I am really happy with the work I have done on my play. I have been showing it around and people seem engaged with it and think it is funny. I think it is a unique concept and I would love to see it come to fruition. I hope to come back here with some news of progress but until then I urge you to go forth and seize the day. Go after the things you want, chase down your dreams and don’t wait for anyone to hold your hand to make those things happen. You are mightier than you think!


Chasing the idea…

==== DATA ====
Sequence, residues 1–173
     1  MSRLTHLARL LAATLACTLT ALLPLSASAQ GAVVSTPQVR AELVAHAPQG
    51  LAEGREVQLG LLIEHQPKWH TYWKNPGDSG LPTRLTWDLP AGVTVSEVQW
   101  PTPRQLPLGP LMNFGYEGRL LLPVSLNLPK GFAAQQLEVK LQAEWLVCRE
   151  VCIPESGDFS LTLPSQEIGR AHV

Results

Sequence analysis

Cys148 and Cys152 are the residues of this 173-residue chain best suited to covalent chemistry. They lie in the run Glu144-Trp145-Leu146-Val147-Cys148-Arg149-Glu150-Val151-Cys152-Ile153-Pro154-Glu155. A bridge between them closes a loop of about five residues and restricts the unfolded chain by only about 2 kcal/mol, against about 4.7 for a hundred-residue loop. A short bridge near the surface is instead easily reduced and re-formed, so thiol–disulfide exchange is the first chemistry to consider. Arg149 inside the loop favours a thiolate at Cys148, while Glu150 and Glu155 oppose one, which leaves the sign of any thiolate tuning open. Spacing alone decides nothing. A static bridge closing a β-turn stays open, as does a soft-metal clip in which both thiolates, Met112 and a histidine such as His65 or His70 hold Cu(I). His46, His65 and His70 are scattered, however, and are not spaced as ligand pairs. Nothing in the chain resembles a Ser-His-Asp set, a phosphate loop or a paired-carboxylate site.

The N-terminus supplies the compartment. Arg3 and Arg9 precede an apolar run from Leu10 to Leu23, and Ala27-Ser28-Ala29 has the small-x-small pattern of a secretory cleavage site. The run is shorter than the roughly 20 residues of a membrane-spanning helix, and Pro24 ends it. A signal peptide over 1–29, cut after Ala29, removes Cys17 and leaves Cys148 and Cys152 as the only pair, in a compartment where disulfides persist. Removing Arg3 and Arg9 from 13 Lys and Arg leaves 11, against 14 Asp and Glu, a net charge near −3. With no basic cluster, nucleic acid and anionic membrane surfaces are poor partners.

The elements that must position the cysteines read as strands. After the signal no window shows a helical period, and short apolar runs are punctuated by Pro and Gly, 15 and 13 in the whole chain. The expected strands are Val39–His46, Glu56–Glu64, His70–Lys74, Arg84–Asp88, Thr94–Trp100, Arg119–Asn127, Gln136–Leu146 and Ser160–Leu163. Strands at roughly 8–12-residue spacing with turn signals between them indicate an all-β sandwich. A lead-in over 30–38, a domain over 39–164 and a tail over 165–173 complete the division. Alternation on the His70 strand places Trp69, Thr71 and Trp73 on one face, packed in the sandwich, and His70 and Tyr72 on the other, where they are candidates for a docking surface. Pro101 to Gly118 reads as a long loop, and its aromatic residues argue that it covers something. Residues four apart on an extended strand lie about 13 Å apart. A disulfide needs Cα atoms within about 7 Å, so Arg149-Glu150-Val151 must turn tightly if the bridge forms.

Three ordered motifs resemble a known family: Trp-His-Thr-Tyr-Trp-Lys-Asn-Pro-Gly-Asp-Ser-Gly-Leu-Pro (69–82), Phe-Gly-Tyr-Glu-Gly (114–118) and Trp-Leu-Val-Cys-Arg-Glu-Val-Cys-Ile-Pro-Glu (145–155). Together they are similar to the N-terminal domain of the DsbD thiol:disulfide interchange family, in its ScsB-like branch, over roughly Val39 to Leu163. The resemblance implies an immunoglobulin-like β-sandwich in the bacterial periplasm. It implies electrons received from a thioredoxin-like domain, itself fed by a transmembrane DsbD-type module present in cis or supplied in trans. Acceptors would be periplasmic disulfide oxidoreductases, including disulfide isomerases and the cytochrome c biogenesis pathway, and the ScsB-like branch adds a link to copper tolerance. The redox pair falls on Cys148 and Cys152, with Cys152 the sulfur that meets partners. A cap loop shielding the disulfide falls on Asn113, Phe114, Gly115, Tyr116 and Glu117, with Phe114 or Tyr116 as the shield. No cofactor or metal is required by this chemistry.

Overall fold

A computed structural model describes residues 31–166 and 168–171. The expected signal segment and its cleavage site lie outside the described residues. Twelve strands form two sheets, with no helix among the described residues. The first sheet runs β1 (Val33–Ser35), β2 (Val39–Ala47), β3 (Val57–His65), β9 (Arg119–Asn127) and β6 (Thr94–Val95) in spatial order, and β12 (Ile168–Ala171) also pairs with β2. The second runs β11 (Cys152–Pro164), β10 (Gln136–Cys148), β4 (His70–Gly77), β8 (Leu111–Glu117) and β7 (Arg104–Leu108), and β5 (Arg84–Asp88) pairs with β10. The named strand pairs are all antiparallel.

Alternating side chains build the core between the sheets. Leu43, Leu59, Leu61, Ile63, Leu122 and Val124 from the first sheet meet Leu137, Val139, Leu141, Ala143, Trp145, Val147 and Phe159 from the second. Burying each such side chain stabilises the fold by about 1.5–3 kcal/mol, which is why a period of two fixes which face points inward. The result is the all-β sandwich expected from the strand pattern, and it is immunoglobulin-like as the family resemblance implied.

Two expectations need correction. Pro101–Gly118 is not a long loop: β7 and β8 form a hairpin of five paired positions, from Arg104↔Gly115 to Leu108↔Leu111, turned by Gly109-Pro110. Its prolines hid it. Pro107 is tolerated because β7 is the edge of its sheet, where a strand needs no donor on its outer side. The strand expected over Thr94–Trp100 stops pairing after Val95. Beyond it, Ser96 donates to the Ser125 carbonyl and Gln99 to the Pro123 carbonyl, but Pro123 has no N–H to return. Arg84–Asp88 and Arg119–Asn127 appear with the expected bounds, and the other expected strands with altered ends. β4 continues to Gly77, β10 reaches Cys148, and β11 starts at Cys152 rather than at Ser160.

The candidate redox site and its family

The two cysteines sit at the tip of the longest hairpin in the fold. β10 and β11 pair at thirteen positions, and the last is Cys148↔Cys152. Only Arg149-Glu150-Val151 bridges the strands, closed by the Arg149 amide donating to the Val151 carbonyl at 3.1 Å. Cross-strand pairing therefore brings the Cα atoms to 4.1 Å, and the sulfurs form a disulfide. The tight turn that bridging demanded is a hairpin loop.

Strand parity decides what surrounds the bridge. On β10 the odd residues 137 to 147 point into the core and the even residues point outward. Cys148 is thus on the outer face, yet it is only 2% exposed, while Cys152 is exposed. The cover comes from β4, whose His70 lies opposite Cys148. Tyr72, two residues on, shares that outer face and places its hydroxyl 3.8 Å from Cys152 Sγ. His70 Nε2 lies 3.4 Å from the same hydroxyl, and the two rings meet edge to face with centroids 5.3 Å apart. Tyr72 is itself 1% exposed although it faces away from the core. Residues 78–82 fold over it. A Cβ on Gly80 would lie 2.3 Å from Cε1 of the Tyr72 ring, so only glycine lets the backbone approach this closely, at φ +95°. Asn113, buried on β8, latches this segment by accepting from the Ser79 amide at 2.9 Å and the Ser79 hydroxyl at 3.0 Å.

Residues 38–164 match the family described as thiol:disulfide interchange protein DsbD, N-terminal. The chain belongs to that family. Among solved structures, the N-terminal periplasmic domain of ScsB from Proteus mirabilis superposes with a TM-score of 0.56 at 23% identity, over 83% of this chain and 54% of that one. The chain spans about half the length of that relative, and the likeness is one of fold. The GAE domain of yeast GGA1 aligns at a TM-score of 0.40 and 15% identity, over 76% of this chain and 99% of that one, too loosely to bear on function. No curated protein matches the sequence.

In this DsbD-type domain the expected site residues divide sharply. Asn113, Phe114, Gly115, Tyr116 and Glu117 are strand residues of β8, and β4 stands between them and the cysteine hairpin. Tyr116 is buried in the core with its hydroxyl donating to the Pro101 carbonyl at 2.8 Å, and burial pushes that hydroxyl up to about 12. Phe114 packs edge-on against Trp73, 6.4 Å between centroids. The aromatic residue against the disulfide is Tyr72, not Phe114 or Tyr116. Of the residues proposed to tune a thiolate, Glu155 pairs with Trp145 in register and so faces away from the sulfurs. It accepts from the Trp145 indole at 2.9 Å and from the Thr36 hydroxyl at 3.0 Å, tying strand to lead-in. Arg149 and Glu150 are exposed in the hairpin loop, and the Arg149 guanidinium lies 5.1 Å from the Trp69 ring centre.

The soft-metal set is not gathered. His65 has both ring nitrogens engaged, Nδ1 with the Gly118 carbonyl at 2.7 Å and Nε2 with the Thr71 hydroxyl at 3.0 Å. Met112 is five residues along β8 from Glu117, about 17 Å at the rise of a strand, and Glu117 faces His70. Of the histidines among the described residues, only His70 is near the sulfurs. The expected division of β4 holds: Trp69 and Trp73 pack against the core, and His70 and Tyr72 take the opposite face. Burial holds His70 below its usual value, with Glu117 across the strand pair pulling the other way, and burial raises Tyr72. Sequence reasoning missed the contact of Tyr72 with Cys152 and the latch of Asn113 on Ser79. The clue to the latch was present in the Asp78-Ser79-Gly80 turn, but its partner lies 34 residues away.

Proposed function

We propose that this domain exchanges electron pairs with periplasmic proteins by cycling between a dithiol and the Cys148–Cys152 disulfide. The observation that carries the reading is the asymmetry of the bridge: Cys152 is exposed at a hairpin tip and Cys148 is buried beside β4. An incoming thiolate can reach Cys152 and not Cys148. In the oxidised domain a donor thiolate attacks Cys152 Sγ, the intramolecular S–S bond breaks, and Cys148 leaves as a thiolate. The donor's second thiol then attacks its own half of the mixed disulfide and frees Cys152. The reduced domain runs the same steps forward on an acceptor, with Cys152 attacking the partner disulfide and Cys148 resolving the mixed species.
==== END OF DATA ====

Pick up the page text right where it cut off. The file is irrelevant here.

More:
ImageAbout ten years ago today I was watching this mini-series on CBC called Human Cargo, which focused on human trafficking post-911. It was an incredibly well done and an eye opening mini-series and it inspired me to look further into my dream of creating television like that for Canadians. That winter I applied for the broadcasting at Mount Royal College and I was more than thrilled to have gotten in after interviews and testing. Upon entering college I initially thought I wanted to work on the news production side of the broadcasting industry to produce television like Human Cargo. In the Broadcasting Program you have to take both news and creative in the first semester and boy I am glad that we did. That first semester was in 2004 and it was a very turbulent time in the world before Saddam Hussein was killed and people were being beheaded on live television. News, while informative and eye-opening, is incredibly dark and while I am not the most sunshiny, happy person – I was not dark enough to withstand a career in news. Luckily as I was making that realization I discovered the joy of creative radio and television writing. The Broadcasting Program at Mount Royal College is very hands on. If you had an idea, you could produce it for a project and see it come through. We did radio dramas, television infomercials, music videos and all sorts of creative projects. In my writing classes, where I could brainstorm an idea and work with my classmates to produce it and then edit it to my liking, those were the happiest times of my life and brought me back to that drama class bliss of high school. We would get a lot of guest speakers coming in to tell us how challenging the broadcasting industry was with a decrease in jobs and not that much money for the work you would be doing and you would likely start out in a small town. Little did our little eager asses know, that there lay truth in their foreshadowing.